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Decentralized finance - the “Wild West of Crypto” – and what it means for the future of money

How decentralized finance may change how we use financial services and what it means for the future.

While the hysteria over NFT’s (non-fungible tokens) continues, a new blockchain-based form of finance called decentralized finance or DeFi has caught the attention of everyday consumers and Wall Street veterans alike.

Merav Ozair, a FinTech professor at Rutgers Business School and leading expert on blockchain and cryptocurrency, says DeFi has lowered access barriers to financial services where everyone can access economic activities – like high-yield savings, trading, lending or insurance – without a bank account or a credit check.

Ozair demystifies decentralized finance – aptly called the “Wild West of Crypto” – and what it means for the future of money.

What is decentralized finance and how is it different from traditional finance?

DeFi takes complex financial services and products traditionally offered by legacy financial institutions and codes them to enable self-executing services. These are automated, self-executing products and services where users directly interact with the application without interfering with third parties like banks, insurance companies, agents, exchanges or brokerages. DeFi applications utilize blockchain technology and thus is a peer-to-peer system that can be accessible to anyone and anywhere. The benefits include a 24/7, instant service with little to no cost.

Think of it as a vending machine of banking services. A vending machine is an automated, 24/7, no-cost service with zero intermediary interactions. But because every activity in the economy is transaction-based – be it retail, gaming, technology, social media – DeFi applications can go beyond financial services and connect the virtual world with the physical by integrating with the services or products we use.

But what’s wrong with our “normal” banking systems?

DeFi has the potential to democratize financial systems, making it possible for anyone to access financial services, especially those in underserved communities who either do not (e.g., those who live in remote areas) or cannot (e.g., those who are unemployed or have criminal convictions) have access to financial institutions. There is no controlling organization dictating when and if a person can make a transaction. DeFi is a member-user consensus system that incentivizes good behavior and penalizes bad “actors.”

Since there is no go-between, transactions are instantaneous and costs diminish because there’s no need for clearing and settlement processes. Therefore, it can solve settlement delays and high-cost problems like in the GameStop and Robinhood saga, which resulted in severe losses to traders and a $70 million fine to Robinhood for misleading customers. 

What are the risks and what should beginners know? 

Bear in mind that DeFi is a software application. Thus, it can have issues or “bugs,” which is the embedded technology risk of any software. Many botched DeFi projects have been launched with unaudited code, resulting in losses like the YAM code bug disaster. The industry will likely self-regulate itself in the future to audit any application before uploading it to a blockchain.

The crypto market is also very illiquid. Every small quantity of “buy” or “sell” of these assets may hugely impact their value. Billionaire Mark Cuban made it known he is not immune to risk when he traded a DeFi app that crashed in one day. He later admitted to Bloomberg, “Even though I got rugged on this, it's really on me for being lazy. The thing about DeFi plays like this is that it’s all about revenue and math and I was too lazy to do the math to determine what the key metrics were."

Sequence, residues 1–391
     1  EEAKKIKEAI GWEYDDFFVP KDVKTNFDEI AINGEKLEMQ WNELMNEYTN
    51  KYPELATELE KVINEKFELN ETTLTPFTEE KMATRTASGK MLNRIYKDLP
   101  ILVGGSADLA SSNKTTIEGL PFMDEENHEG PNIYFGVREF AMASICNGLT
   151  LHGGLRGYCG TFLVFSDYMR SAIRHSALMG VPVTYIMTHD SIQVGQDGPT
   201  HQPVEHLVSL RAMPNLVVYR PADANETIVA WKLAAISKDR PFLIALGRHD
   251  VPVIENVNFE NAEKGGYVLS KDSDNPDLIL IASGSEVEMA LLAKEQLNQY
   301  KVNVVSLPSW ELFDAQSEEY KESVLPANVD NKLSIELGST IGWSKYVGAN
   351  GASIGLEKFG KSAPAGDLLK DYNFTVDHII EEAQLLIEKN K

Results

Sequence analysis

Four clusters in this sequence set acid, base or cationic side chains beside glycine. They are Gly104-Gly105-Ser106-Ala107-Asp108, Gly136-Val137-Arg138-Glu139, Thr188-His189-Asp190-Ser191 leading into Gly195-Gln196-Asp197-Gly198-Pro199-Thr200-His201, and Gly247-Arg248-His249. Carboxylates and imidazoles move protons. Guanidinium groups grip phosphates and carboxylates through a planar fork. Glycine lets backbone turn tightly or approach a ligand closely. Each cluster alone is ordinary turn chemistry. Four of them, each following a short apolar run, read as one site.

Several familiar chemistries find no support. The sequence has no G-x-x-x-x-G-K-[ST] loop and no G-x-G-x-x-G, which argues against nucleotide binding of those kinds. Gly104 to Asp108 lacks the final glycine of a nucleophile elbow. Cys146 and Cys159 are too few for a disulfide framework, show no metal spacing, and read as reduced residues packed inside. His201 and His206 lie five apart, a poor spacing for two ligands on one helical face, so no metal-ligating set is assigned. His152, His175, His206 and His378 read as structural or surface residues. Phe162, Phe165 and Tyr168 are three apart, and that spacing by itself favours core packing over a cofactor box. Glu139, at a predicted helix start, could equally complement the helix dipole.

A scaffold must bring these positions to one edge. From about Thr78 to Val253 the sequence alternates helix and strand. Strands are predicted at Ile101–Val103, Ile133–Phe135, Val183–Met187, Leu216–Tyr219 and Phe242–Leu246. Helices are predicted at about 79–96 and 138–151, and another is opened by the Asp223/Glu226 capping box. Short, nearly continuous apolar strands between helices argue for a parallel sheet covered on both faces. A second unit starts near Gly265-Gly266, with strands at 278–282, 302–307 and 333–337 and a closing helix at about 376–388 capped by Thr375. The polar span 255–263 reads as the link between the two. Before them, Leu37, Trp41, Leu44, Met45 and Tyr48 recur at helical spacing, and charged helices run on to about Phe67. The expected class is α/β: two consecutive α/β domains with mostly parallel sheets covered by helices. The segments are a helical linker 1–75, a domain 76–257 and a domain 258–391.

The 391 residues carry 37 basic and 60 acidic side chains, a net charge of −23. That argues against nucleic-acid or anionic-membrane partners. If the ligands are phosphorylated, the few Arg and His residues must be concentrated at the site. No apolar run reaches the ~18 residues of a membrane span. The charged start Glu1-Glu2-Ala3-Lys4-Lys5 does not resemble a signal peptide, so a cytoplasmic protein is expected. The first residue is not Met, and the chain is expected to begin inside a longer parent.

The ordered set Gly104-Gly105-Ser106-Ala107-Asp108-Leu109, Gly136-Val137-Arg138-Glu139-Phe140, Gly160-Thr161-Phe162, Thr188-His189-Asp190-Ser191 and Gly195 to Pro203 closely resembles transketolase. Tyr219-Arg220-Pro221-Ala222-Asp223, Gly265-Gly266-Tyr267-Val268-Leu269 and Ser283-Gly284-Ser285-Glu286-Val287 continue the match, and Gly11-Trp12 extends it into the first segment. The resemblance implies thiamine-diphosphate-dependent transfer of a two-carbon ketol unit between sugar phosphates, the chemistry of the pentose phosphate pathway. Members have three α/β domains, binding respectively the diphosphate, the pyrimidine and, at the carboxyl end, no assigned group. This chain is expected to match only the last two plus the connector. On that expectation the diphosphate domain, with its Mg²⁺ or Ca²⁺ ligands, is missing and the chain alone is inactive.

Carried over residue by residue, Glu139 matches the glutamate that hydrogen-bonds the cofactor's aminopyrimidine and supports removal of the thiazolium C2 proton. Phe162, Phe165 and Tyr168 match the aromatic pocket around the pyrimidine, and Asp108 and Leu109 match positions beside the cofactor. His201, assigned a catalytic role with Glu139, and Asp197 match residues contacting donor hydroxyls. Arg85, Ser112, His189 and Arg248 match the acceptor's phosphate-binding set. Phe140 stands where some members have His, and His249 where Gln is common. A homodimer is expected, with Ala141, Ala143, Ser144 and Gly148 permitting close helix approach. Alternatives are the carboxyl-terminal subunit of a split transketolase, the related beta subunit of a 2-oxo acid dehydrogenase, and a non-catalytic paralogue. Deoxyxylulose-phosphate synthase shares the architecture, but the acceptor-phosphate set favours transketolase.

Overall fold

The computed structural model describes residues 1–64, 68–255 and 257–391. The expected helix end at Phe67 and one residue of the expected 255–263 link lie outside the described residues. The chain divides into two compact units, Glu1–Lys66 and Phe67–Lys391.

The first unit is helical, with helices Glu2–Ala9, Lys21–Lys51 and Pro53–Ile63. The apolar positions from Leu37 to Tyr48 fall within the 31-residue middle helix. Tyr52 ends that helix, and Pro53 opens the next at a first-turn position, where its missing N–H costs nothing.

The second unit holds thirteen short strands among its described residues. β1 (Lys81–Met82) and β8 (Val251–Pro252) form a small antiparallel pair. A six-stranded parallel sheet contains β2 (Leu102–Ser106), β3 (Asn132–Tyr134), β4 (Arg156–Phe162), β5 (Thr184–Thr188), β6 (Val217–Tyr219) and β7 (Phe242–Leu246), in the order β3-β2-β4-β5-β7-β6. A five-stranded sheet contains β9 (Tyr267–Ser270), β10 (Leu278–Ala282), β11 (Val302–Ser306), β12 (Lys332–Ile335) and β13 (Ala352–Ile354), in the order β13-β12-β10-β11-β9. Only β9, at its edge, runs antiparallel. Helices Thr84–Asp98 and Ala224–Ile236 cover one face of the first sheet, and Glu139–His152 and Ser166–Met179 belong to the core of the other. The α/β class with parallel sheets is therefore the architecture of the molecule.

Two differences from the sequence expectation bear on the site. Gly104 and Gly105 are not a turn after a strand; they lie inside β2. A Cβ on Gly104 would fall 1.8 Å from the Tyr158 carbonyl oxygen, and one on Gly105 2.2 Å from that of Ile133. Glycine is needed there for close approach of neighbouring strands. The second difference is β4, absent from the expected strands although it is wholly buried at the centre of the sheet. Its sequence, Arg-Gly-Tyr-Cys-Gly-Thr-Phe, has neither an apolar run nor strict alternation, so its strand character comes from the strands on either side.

It’s essential to engage with a reputable and transparent product like you would with any other. One of the fundamental features of blockchain technology is transparency. Thus, if developers of a DeFi application prefer to remain anonymous — like the botched protocol Harvest Finance developed by an anonymous team — that should raise a red flag about its trustworthiness or whether it may be a scam.

What does the future look like for DeFi? 

Exciting times ahead! In the foreseeable future, financial and economic services will run on distributed ledger technology – a decentralized database managed by multiple members and users with no central administrator. Think about it this way – if financial systems and applications are the trains, then distributed ledger technology is the rails.

Banks and economic activities will be automated, run by codes and algorithms with no human interactions (e.g., “self-driving banks” like self-driving cars). In the age of economy-of-things, where machines can talk to each other, DeFi will enable every product or service to become autonomous. The concept of embedded finance – integrating financial services with a traditionally non-financial service or product – will be significantly enhanced.

An example of an existing embedded finance service is an online store like Amazon, which offers a “buy now-pay later” option that converts a purchase into an automatic loan from a third-party lending institution. But what if your Peloton offers you “rewards tokens” as an incentive for your cycling workout, and you can then send these tokens from your Peloton to pay for your loan? DeFi can enable such a scenario and will play an integral role in the Metaverse universe evolution. Of course, all DeFi products and services must be compliant, secure and appropriately audited and monitored to ensure users’ security and privacy. Blockchain technology can enable that as well. 

This Q&A was originally published in Rutgers Today. It was done by Megan Schumann from Rutgers University's Office of Communications.

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